Researchers from Japan have worked out how to make human embryonic stem cells organise themselves into functioning, cerebellum-like brain tissue. This is an important step towards growing healthy brain tissue that could help heal patients with brain damage or neurodegenerative diseases.

So far, while scientists have managed to grow stem cells into other organs, such as the stomach and even the penis, this process has been particularly tricky for the nervous system, because researchers not only need to generate particular cell types, they also have to make these cells types connect to each other in very specific ways.

Now, a team of researchers from the RIKEN Centre for Developmental Biology in Japan have overcome this challenge. By carefully applying signalling molecules to 3-D cultures of human embryonic stem cells, they've managed to not only trigger them to differentiate into functioning cerebellum cell types, but also got them to organise themselves into the multi-layer, accordian-like structure found in the naturally developing cerebellum. 

The cerebellum is the region at the bottom of the brain that plays a role in motor control, and is involved in cognitive functions including attention and language. The most important cell types of the cerebellum are Purkinje cells and granule cells, and the team managed to develop both of these using embryonic human stem cells.

The work builds on the team's previous research in mice, which allowed them to map the hormones and growth factors that are required during embryonic growth in order for the cerebellum to develop properly. They've now used this information to create a "recipe" that they applied to human embryonic stem cells in order to trigger the development of cerebellum tissue in the lab.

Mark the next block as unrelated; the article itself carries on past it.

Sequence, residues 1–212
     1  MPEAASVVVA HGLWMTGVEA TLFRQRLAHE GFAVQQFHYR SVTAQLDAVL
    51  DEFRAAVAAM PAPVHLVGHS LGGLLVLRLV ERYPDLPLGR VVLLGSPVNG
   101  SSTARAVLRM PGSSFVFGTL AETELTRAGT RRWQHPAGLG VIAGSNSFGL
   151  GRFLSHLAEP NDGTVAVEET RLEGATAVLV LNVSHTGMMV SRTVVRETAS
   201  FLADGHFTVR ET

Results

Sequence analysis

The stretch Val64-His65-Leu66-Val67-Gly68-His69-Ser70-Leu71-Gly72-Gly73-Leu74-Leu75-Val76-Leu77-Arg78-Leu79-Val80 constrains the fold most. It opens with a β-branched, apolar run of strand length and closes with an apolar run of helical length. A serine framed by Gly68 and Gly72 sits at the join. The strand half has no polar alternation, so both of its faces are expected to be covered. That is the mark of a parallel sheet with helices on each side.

"The principles of self-organisation that we have demonstrated here are important for the future of developmental biology," said study leader Keiko Muguruma in a press release. 

Publishing in Cell Reports, the team describes how they first treated human embryonic stem cells with fibroblast growth factor 2, which, after three weeks, caused the stem cells to differentiate into neurons from the midbrain/hindbrain region, where the cerebellum is located. 

After five weeks, the stem cells were displaying signs of differentiating into the cerebellar plate neuroepithelium - the part of the nervous system that turns into the cerebellum.

At around 15 weeks, they found that cells were expressing markers for late Purkinje cells (shown above), which suggests that they'd differentiated into this important and specialised neuron type. Electrophysiological recordings showed that these cells even responded to electrical currents in the same way that they would expect functioning cerebellum cells to respond.

They then built on this research and added a range of different growth factors at different stages during the differentiation process in order to get these cerebellum cells to organise themselves into the layered structure of the cerebellum tissue in the human brain.

Knowing this recipe will help researchers who are hoping to be able to create healthy cerebellum tissue out of their patients' reprogrammed adult stem cells - a development that could help treat diseases such as spinocerebellar atrophy, which is a degenerative genetic disease that affects people's ability to speak, walk and move properly. 

You can see a comparison of how the cerebellum normally develops in the human brain, compared to how it developed in the lab, in the illustration below. It's complicated science, but it's really exciting to see researchers finally begin to unlock and replicate brain development, as it's the first step to being able to treat a whole range of new diseases.

fx1Muguruma et al., Cell Reports (2015)